If you've been following the Women's British Open, you'll know that history is being made this week. Laetitia Beck, a 22-year-old from Caesarea, Israel, will become the first Israeli golfer ever to play in a major.
It took a confluence of events for Beck to become a professional golfer, so it's not surprising that Israel hasn't produced more of them. But is Israel the most unlikely country to produce a professional golfer? Not even close.
There are actually three current professional golfers from Bangledesh, with Siddikur Rahman the most notable. Rahman is ranked 159th in the world and plays most of his golf on the Asian Tour, but has also competed on the European and PGA Tours.
Stuart J. Smith is the only golfer from Botswana, according to the Official World Golf Rankings. He plays almost exclusively on the Sunshine Tour, finishing T-10 in the Nedbank Affinity Cup last November.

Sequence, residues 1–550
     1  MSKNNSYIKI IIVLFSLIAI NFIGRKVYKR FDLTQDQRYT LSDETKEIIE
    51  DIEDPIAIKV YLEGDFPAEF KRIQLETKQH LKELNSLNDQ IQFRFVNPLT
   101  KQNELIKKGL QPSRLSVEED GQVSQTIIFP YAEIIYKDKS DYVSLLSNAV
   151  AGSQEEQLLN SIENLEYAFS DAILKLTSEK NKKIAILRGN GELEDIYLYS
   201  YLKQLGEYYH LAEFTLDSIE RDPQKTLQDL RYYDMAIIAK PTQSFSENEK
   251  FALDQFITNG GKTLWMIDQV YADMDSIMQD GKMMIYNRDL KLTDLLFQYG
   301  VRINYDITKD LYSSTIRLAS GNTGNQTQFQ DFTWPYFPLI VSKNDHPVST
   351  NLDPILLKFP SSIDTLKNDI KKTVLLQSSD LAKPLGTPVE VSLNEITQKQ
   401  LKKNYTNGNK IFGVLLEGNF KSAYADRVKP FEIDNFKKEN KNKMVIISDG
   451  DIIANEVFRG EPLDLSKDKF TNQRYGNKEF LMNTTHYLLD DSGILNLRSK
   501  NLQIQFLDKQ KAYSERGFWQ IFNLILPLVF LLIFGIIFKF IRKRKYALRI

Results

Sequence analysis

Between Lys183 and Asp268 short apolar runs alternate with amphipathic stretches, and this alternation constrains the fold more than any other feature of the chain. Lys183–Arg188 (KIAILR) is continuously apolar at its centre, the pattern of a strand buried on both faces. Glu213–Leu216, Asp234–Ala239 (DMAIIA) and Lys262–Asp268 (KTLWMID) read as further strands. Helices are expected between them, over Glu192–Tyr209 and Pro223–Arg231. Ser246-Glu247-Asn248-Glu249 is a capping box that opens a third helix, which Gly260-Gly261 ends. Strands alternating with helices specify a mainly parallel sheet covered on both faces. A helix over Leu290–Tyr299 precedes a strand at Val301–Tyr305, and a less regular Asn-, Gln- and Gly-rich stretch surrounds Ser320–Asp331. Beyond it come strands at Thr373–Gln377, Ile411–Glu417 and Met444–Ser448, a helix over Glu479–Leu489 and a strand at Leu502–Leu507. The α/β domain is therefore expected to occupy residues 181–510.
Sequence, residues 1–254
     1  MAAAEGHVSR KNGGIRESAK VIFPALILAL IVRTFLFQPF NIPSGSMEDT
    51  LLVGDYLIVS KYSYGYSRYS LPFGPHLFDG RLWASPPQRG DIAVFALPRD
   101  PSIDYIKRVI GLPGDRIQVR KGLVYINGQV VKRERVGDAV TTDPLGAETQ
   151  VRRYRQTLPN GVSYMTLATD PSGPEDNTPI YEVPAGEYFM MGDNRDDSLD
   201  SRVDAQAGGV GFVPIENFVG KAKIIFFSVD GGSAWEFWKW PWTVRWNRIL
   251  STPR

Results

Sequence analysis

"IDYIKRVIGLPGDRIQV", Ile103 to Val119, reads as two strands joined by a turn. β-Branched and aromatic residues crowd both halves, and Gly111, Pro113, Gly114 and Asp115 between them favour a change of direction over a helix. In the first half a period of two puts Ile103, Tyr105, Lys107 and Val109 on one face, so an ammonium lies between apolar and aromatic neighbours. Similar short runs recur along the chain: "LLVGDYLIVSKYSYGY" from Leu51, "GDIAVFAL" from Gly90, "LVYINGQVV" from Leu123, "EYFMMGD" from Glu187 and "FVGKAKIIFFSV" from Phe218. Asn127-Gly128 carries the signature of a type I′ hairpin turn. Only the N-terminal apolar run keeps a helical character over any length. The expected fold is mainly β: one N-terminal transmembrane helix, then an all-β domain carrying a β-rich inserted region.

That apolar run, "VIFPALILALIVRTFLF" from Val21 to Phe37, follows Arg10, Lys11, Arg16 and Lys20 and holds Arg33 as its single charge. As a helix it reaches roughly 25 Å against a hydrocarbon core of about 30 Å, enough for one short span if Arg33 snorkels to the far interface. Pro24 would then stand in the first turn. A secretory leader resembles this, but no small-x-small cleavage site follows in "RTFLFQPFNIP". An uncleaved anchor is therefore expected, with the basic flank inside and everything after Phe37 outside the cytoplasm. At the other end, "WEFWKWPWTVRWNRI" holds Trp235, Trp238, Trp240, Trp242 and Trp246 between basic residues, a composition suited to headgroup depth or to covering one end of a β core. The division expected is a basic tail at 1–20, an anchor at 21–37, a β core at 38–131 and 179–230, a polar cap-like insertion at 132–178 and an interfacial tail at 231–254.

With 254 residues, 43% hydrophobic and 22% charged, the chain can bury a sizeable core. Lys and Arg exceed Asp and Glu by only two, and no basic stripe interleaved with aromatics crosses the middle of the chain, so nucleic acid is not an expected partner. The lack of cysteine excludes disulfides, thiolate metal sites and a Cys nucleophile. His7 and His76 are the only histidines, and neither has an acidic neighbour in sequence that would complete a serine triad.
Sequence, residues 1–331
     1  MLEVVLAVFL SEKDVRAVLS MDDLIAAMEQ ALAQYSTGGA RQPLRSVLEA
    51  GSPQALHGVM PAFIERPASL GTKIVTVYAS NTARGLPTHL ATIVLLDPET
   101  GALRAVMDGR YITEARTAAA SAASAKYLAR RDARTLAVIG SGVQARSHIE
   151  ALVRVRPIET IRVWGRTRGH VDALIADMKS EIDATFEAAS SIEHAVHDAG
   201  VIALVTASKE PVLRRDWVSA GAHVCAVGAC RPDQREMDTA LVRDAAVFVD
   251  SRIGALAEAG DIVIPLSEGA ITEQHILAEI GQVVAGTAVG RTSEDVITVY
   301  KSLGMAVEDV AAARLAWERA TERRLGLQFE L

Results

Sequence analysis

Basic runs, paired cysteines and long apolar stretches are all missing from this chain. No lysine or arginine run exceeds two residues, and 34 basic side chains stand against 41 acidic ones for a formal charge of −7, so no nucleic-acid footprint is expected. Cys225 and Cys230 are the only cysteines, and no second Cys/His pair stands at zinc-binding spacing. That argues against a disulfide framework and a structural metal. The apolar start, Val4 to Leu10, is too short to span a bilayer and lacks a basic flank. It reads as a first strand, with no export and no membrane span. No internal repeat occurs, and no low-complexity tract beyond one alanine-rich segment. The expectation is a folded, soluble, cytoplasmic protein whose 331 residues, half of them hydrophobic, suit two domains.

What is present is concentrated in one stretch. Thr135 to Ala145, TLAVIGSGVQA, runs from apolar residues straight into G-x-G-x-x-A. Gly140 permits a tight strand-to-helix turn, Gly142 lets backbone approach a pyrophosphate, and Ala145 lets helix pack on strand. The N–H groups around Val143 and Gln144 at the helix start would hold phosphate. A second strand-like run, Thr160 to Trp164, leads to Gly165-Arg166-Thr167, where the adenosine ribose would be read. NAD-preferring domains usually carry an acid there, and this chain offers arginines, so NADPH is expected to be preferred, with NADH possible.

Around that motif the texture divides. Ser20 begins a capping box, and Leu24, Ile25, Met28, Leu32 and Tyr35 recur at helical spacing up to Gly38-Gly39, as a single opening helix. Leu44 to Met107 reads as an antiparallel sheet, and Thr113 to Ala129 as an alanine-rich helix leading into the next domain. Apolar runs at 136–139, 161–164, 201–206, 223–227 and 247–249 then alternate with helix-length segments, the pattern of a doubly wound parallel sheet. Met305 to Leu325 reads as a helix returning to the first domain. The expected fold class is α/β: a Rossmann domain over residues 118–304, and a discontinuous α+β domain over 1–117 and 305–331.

Kazakhstani golfers are hard to come by, but they tend to pop up during the Challenge Tour's Kazakhstan Open. Byung Ku Kang was the only Kazakhstani in the field last September, shooting 87-82 to miss the cut.
Tsietsi Mofokeng is currently Lesotho's sole professional golfer. He plays a variety of mini-tours in South Africa, mostly the Sunshine Tour: so far this year, he hasn't made a cut in four starts.
Jean-Batiste Hakizimana, proudly declared the country's "number one professional golfer" by one of the country's media outlets, played in the 2014 Barclays Kenya Open, but shot 79-78 to miss the cut.
Sri Lanka is known more for its cricket than its golf, but that's not stopping Mithun Perera from making some real inroads on the Asian Tour. Despite only a handful of courses in the country, he earned his full Asian Tour card in 2013 after three top 10s.